Beginning today, workers can use the Internet to file complaints to OSHA about safety and health hazards at their workplace.
OSHA Administrator Charles N. Jeffress said the move was prompted by the growing number of Americans who have Internet access and their willingness to conduct business electronically.
According to Jeffress, "The Workers'' Page," will be an on-line resource that gives employees an electronic option for filing formal complaints.
Previously, employees had to either call or write OSHA when alleging workplace hazards.
The Workers'' Page is available on OSHA''s Web site at www.osha.gov.
Jeffress made the announcement on Workers'' Memorial Day, held annually since 1988 to remember the nearly 60,000 men, women and children who die each year from either occupational accident or illness.
"Workers play a vital role in identifying workplace hazards, and, whenever possible, working with their employer to correct them," said Jeffress. "And many times employers will promptly fix the hazards. But if they don''t, workers can file a complaint with OSHA by telephone, fax, letter or now electronically through our Web site."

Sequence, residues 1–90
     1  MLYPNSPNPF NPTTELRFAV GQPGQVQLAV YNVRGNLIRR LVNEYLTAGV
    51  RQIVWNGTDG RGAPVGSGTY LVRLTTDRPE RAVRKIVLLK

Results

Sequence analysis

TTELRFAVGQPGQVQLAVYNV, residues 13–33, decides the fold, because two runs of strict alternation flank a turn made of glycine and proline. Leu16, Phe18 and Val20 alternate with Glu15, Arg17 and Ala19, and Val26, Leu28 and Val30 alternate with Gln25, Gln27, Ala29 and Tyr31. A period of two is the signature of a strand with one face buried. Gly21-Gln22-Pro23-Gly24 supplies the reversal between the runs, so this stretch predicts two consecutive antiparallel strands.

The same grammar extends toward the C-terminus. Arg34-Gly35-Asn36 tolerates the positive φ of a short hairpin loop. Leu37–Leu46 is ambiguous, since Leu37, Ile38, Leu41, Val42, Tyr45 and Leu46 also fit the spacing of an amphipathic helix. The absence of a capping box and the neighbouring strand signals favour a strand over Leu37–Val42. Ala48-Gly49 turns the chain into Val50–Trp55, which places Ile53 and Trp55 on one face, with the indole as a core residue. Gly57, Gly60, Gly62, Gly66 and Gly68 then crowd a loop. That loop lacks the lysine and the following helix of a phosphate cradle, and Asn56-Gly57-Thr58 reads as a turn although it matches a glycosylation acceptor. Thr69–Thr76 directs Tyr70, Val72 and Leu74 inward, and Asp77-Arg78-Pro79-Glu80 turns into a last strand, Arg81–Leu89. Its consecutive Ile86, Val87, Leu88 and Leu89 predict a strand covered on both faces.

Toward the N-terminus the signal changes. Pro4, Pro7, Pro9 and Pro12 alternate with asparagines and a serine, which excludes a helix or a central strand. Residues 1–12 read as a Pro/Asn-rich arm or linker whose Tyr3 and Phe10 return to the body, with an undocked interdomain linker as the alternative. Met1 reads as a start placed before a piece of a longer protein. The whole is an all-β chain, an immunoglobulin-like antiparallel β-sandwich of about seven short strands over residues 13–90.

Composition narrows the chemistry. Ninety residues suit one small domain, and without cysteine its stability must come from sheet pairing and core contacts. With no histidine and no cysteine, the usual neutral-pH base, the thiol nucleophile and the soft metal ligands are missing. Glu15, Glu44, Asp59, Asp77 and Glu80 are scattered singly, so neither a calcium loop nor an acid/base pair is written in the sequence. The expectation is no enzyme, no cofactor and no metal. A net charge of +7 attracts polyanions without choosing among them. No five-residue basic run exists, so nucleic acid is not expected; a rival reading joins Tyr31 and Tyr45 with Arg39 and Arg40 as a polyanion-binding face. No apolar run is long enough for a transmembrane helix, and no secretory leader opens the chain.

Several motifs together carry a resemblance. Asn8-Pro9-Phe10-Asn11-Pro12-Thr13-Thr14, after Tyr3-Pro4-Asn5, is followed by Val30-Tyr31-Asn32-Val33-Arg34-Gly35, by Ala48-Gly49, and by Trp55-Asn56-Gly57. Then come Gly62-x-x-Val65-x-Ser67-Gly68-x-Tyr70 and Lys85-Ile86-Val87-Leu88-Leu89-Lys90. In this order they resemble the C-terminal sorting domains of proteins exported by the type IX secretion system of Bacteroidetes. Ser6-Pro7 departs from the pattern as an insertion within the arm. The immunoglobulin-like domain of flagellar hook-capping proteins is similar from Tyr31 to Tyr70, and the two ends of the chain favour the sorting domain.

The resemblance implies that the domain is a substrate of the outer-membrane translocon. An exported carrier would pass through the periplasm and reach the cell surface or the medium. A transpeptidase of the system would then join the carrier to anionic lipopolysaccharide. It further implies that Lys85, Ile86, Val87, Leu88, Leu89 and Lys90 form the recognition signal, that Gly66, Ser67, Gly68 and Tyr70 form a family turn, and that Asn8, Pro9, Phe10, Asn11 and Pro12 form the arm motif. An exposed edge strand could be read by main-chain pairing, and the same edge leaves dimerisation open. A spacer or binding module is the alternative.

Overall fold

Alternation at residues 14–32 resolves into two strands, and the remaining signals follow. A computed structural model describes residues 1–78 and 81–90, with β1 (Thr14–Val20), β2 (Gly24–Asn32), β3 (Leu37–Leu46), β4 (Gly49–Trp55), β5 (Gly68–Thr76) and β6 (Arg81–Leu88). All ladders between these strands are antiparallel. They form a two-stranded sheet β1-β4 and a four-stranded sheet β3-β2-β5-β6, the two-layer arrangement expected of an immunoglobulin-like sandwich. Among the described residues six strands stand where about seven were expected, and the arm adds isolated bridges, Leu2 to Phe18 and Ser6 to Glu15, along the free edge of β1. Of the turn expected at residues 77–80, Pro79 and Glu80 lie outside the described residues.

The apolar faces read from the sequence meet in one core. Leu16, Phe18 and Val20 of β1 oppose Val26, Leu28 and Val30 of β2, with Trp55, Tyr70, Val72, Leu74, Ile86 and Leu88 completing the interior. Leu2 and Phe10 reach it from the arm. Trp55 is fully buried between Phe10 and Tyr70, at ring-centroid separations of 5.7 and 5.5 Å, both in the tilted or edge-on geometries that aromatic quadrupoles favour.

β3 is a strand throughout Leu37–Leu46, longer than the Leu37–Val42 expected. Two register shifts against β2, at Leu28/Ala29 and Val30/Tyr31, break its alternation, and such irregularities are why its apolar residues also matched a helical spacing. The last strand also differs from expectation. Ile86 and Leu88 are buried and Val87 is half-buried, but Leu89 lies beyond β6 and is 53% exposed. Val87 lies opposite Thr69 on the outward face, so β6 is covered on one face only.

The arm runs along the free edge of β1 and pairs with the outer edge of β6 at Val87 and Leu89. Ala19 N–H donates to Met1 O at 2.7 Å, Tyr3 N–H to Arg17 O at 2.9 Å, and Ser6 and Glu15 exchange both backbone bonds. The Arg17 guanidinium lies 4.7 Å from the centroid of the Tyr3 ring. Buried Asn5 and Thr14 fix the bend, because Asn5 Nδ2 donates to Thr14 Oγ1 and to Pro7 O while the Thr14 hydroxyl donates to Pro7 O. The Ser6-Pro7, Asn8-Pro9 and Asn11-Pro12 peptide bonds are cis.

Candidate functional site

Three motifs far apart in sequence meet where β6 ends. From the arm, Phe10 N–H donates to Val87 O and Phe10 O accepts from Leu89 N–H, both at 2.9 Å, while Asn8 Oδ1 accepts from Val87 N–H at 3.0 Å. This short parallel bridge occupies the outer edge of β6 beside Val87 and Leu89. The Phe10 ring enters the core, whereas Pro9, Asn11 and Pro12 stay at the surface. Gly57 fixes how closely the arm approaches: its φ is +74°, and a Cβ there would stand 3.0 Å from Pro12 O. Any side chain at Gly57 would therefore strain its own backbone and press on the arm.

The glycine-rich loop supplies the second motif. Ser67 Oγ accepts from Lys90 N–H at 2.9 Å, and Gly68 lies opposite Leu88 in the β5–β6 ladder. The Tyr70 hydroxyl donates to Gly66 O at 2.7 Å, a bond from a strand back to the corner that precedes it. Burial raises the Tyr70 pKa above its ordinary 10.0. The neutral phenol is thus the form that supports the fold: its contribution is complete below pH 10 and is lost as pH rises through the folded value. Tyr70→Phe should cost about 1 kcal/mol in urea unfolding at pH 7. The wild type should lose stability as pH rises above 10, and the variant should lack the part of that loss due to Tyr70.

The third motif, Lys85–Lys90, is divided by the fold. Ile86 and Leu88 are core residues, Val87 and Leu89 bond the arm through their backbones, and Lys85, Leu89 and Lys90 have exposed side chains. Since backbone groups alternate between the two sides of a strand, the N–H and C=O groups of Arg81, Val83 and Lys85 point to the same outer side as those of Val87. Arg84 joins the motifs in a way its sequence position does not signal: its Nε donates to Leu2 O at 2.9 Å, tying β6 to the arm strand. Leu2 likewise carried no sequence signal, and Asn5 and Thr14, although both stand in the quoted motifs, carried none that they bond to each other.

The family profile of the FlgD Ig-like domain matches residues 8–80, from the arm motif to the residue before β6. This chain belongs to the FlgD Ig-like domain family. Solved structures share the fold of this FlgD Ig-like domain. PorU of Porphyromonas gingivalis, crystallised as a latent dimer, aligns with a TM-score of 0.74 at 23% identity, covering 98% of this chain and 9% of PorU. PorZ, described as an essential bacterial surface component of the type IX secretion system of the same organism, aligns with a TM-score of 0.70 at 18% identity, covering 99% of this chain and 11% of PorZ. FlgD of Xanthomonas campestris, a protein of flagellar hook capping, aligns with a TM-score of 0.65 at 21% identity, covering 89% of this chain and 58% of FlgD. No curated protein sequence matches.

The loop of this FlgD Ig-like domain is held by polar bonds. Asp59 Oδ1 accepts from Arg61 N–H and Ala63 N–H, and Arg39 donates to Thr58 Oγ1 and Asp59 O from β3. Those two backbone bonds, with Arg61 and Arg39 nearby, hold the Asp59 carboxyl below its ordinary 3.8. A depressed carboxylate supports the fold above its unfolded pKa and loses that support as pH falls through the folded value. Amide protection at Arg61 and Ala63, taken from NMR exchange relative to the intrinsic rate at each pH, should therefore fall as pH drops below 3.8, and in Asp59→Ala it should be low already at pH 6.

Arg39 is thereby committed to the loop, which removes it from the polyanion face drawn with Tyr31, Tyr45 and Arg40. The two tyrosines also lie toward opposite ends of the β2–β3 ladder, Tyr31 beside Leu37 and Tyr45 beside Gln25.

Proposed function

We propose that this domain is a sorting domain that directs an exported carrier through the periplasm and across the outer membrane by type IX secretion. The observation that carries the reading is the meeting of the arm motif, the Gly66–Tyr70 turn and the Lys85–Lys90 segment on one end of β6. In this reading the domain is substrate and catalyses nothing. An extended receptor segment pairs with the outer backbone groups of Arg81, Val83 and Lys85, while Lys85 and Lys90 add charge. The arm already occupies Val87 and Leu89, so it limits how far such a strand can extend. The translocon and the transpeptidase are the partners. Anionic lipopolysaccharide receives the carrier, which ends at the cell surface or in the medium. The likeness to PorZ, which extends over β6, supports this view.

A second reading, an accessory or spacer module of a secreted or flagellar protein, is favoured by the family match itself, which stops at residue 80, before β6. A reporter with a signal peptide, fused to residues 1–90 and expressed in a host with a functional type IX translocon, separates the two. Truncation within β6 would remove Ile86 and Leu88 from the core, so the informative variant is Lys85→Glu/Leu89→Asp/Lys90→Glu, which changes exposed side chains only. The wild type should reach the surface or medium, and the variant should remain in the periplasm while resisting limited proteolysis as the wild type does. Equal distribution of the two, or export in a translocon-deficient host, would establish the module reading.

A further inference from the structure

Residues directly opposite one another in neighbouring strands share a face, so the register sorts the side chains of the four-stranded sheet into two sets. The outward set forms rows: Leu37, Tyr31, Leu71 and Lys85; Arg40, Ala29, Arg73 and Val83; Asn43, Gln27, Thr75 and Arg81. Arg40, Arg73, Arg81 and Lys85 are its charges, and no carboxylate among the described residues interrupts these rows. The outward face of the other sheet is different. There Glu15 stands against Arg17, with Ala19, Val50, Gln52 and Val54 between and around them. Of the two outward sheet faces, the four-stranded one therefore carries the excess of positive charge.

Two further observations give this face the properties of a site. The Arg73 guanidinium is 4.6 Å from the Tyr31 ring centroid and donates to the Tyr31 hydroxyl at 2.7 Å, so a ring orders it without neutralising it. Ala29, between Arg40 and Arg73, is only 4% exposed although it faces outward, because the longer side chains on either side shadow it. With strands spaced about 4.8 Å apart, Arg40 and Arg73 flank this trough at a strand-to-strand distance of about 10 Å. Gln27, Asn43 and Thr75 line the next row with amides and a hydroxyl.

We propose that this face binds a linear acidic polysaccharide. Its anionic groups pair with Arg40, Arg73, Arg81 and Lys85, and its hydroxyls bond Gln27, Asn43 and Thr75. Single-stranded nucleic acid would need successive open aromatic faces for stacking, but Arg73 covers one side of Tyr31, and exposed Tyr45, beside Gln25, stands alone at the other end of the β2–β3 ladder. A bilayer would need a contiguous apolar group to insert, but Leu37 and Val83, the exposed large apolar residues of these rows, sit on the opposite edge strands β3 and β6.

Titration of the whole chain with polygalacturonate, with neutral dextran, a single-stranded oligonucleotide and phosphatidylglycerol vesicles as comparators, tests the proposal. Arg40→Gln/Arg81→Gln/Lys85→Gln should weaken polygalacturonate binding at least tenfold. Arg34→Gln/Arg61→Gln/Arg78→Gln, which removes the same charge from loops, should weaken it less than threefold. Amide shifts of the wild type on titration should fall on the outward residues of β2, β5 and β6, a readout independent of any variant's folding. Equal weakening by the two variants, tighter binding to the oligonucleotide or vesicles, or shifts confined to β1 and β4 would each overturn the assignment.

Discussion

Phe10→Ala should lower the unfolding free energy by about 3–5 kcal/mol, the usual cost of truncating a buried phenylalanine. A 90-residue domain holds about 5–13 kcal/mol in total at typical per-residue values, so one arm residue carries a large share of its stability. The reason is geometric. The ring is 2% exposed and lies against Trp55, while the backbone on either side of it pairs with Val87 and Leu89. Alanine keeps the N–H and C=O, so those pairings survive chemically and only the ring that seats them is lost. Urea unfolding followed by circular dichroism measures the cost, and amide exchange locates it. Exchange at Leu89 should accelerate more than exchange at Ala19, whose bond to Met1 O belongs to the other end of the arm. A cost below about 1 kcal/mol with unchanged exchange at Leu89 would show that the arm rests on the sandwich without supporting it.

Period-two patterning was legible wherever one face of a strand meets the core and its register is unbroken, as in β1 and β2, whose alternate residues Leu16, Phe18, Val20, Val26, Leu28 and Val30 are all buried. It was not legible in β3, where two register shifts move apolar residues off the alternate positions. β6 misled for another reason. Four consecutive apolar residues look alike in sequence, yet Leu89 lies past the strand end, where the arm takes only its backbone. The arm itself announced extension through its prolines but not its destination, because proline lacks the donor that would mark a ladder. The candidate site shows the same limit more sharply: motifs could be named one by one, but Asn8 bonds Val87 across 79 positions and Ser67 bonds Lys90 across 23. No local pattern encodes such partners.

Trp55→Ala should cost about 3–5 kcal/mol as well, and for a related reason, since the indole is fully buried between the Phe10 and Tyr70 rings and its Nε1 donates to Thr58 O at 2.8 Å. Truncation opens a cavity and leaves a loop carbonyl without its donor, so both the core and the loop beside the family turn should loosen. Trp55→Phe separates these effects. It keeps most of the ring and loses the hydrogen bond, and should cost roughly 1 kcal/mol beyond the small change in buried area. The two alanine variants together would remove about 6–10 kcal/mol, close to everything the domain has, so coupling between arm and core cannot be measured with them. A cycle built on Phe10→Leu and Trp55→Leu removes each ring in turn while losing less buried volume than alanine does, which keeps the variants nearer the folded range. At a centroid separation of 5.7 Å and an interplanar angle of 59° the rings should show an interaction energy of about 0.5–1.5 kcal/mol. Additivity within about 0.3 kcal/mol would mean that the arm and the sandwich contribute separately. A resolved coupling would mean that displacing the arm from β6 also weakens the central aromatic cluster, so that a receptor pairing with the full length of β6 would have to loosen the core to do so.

OSHA said the easy-to-use system requires complainants to enter a few fields of information, including their name and telephone number and the employer''s name, a description of the hazard and its location.
OSHA estimates that it takes about 10 minutes to complete the on-line complaint form and send it.
The form is automatically transmitted for follow-up to the appropriate office within the complainant''s state.
In addition to providing a vehicle for filing complaints on-line, The Workers'' Page" also contains important background information about worker rights and employer responsibilities.
All on-line complaints are investigated and many can be resolved informally -- usually by telephone and fax -- with the employer, according to OSHA.
Those complaints not formally resolved are likely to result in on-site inspections of the facilities by the agency.
Complainants concerned about their confidentiality are urged to use either a home computer or a publicly accessible computer, such as those found at local libraries, said OSHA.
by Virginia Sutcliffe